The weirdly anachronistic law dates to the middle 1930s, when California and the rest of the post-Prohibition nation set out to re-regulate the liquor industry. The law is part of the legacy of Arthur H. Samish, Artie to his friends.
Samish was a self-promoting, gregarious 300-pound lobbyist who dispensed fine food, liquor and seemingly whatever else legislators wanted from his suite on the fourth floor of the Senator Hotel, back when the Senator served as legislators’ home away from home. Samish’s many clients included breweries. An associate represented the liquor industry.
“I operated on the theory that only by regulation and enforcement could the alcoholic beverage business thrive and prosper,” he wrote in his 1971 autobiography, “The Secret Boss of California.”
“Cutthroat competition could have been ruinous. So I put through fair trade laws to protect wholesalers, distributors and retailers. All of them make a profit in California and they always have.”
In part because of his exploits, the Legislature commissioned an investigation into corruption in 1938. That prompted reform. In 1949, Colliers Magazine printed an exposé in which Samish famously claimed the Legislature was like a puppet. That prompted more reform. The current reform law dates to 1974, the year that Samish died and Jerry Brown, then a reformer, became governor the first time.
How well it all has worked is not particularly clear. The 1938 report listed 286 registered lobbyists. Good-government types clucked their tongues because there were more than two lobbyists for each of the 120 legislators. In the 1940s, there were maybe 600 lobbyists.
In the past two legislative sessions, the California secretary of state received registration for 1,350 lobbyists, more than 11 lobbyists for each of 120 legislators. Another 1,000 agents focus their efforts on lobbying state pension funds.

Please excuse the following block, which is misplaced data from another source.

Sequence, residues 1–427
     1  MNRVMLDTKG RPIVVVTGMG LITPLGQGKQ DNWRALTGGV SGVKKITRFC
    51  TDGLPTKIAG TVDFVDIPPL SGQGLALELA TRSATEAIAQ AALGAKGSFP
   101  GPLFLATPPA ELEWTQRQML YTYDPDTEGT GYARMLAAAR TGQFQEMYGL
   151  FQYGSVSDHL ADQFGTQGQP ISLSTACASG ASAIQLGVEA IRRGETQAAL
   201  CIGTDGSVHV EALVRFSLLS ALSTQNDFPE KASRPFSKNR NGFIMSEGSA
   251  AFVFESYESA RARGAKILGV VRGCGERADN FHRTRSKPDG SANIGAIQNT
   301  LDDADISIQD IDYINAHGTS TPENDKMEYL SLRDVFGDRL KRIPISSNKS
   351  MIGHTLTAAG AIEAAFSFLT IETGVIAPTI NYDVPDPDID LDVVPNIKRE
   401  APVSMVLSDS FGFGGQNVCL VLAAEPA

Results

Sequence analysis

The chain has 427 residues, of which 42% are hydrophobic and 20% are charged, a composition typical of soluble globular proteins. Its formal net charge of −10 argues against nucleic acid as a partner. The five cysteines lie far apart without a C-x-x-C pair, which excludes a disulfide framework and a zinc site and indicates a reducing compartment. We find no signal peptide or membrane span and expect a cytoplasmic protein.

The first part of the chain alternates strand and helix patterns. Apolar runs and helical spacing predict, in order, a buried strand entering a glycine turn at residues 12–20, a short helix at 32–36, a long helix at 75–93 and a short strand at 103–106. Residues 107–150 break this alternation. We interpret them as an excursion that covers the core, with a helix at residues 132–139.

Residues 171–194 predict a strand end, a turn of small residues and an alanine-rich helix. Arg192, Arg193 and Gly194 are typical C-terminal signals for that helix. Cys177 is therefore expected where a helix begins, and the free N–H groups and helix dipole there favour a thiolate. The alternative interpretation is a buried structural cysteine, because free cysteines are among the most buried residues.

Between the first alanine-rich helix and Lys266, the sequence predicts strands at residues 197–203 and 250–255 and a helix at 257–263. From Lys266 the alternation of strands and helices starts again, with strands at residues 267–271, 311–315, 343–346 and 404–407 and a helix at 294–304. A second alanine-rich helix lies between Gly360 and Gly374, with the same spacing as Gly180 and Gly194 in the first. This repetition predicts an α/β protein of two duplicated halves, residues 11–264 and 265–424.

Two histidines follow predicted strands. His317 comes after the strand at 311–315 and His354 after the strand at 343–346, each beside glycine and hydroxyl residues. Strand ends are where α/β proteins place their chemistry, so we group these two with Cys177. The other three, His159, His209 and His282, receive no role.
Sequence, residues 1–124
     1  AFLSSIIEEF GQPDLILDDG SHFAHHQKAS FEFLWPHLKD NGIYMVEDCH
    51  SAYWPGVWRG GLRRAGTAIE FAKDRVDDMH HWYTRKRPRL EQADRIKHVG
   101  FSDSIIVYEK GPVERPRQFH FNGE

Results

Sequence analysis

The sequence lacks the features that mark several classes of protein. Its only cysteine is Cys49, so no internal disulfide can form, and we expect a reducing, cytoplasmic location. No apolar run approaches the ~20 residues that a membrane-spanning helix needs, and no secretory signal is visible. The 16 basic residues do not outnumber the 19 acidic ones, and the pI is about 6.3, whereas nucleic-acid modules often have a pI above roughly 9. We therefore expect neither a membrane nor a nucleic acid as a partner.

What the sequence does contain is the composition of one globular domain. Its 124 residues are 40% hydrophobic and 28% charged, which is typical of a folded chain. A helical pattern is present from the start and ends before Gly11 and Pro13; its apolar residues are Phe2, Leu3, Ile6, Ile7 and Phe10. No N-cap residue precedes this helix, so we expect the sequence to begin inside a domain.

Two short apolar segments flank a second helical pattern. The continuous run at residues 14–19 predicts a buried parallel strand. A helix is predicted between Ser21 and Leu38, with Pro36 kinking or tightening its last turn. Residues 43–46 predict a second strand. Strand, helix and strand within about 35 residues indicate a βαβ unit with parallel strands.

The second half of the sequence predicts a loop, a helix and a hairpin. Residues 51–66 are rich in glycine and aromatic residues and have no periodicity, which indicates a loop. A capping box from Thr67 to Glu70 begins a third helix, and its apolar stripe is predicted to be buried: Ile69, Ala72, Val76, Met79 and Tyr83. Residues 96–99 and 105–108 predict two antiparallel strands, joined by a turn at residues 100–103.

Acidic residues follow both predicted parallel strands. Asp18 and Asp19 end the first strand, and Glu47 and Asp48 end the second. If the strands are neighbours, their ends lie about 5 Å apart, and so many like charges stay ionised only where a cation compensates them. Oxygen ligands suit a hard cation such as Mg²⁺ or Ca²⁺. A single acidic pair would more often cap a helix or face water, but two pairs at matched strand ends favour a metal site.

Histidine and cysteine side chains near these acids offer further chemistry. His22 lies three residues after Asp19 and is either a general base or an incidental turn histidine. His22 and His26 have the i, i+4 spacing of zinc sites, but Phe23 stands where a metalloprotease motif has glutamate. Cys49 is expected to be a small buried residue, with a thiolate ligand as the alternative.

Lobbying firms reported billing $362 million in the 2013-14 legislative session, nearly $100 million more than 10 years ago, when they billed $268 million. Hundreds of attorneys and consultants influence policy without calling themselves lobbyists.
In past years, the large liquor distributors, Young’s Market and Southern Spirits, and their lobbyists have taken a dim view of changes to the tied-house laws that might encroach into their turf. They’re evaluating Levine’s bill to determine whether to oppose it. If they do, they’ll be formidable.
Lang, Hansen, O’Malley & Miller, the second largest billing lobbying firm at $11 million in the last legislative session, represents Young’s. The Flanigan Law Firm, another influential lobbying shop, represents Southern Spirits.
As it did in Samish’s day, campaign money speaks. Young’s and Southern Spirits donated almost $700,000 to California state races in the 2013-14 election cycle, including $172,000 to legislators who sit on the Senate and Assembly Governmental Organization committees which have jurisdiction over alcohol.
Though I am fond of Manhattans, Levine’s bill doesn’t interest me because of any love for whiskey. Booze is not the thing. Lobbying and influence are. Levine’s bill seeks to disrupt the status quo, slightly. It might sail through. Then again, perhaps the ghost of Artie Samish will show up.
Follow Dan Morain on Twitter @danielmorain.